Yes, you're right but in order to increase your FTP you need to have the capacity to increase your FTP. That is, using your example of 400w FTP, if your max aerobic capacity (VO2 max) is at 440w, then your FTP is 91% of VO2 max, and increasing your FTP further is going to be very, very hard.

 

Thus you need to develop the "ceiling" of your VO2 max in order to have "room" for your FTP to raise. In fact, if your FTP remains at 91% of VO2 max and your VO2 max increases then so will your FTP without even focusing on FTP development.

 

What I'm saying is that increasing FTP does not occur in independent of other fitness aspects, and you need to look at all components of fitness in developing a plan to improve your performance...along with the individual characteristics/profile of the athlete.

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I thought the initial post was based around improving FTP and 90km performance? I'm not doubting you get fast results from SE training but for what distance... 20k perhaps, 3000 - 4000m ind pursuit? From my experience it does precious little for 90k TT performance.

I agree with you to an extent. The very process of developing speed endurance will also develop endurance as a side-effect, but not specifically, which I think is the point you are making. Both of us are correct in the context/intent we were making our statements.

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Yes, you're right but in order to increase your FTP you need to have the capacity to increase your FTP. That is, using your example of 400w FTP, if your max aerobic capacity (VO2 max) is at 440w, then your FTP is 91% of VO2 max, and increasing your FTP further is going to be very, very hard.

 

Thus you need to develop the "ceiling" of your VO2 max in order to have "room" for your FTP to raise. In fact, if your FTP remains at 91% of VO2 max and your VO2 max increases then so will your FTP without even focusing on FTP development.

 

What I'm saying is that increasing FTP does not occur in independent of other fitness aspects, and you need to look at all components of fitness in developing a plan to improve your performance...along with the individual characteristics/profile of the athlete.

 

Interesting,

 

I thought your V02max is somewhat genetic and not really that trainable(ie couple of % here and there), whereas an athlete does have the ability to move their FTP up as a % of their V02... as hard as it is to do so?

 

 

 

fluro

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I was to understand that VO2 max uper limit like your max HR was not trainable but you are not always operating at your max VO2 max and need to open up to its potential.

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Guest C.C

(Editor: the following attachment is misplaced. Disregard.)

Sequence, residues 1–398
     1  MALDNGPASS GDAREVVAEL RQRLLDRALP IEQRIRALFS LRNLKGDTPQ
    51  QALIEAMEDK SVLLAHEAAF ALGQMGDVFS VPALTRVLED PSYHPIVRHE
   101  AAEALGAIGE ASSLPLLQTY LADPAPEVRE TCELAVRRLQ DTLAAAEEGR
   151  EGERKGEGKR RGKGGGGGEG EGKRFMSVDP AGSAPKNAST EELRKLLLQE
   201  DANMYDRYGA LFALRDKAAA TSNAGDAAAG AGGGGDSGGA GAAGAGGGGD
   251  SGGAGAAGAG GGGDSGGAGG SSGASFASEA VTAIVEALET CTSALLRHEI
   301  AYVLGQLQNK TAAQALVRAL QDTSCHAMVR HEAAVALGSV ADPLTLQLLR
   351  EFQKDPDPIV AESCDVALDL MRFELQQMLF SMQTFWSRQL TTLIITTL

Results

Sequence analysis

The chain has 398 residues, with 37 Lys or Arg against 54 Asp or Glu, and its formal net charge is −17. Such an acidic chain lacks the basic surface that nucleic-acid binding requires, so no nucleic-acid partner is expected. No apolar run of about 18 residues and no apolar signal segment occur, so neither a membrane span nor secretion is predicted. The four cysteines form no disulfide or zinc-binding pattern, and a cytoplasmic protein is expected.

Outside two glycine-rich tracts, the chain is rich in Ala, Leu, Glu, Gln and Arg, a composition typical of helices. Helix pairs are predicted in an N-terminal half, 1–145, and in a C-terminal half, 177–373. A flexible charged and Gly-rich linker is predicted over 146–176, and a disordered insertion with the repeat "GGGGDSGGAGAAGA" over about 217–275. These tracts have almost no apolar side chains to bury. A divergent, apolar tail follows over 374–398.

G'day C.C,

 

Genuine question....do you think it has the ability to raise your FTP as a % of V02max?

 

There are guys out there that can race for long periods of time at really high % of their V02

 

Wasn't De Castella a runner with a low V02 but could run a whole marathon at a higher than normal % of V02 than most?

 

fluro

 

Not sure about Deek; however I believe raising the % of V02 max you can sustain is one of the primary reasons for threshold training. I'm not a power guru (I have a power meter but I just like to see the numbers) but going back to the good ol' days when training zones were expressed as % of Max Heart rate, the threshold zone, or zone 4-5a etc was 85-93%MHR. after a lay-off, rest period or for an athlete with limited history their threshold HR would be closer to the 85% end which would hopefully be pushed toward the higher end of the scale with a program including reasonable amounts of threshold training. I don't think the basic theory has changed that much has it?

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Wow, this is quality.

 

What if the question was re-phrased a little. What provides most bang for the buck (training time) for a HIM bike split: FTP training or endurance training? Obviously there's some crossover (i.e. endurance training will to some extent increase your FTP and FTP training will to some extent increase your endurance) between the two but is it easier to raise the percentage of FTP you can hold for the bike or to raise the FTP and keep the percentage of FTP the same?

 

Perhaps a combination? 3hr z2/3 ride + 2 x FTP per week?

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Not sure about Deek; however I believe raising the % of V02 max you can sustain is one of the primary reasons for threshold training. I'm not a power guru (I have a power meter but I just like to see the numbers) but going back to the good ol' days when training zones were expressed as % of Max Heart rate, the threshold zone, or zone 4-5a etc was 85-93%MHR. after a lay-off, rest period or for an athlete with limited history their threshold HR would be closer to the 85% end which would hopefully be pushed toward the higher end of the scale with a program including reasonable amounts of threshold training. I don't think the basic theory has changed that much has it?

Why HR-based training is out-of-date

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I'm about to have a mental breakdown not being able to do anything for the next 2 weeks other than be a keyboard nazi. :lol:

 

 

Spend 6 weeks building up to being able to execute at least 3 x FT's each week

 

wk1: 6 x 4min @ 100% of FTP, 2min RI

wk2: 3 x 8min @ 95-100% of FTP, 3min RI

wk3: 3 x 10min @ 100% of FTP, 3min RI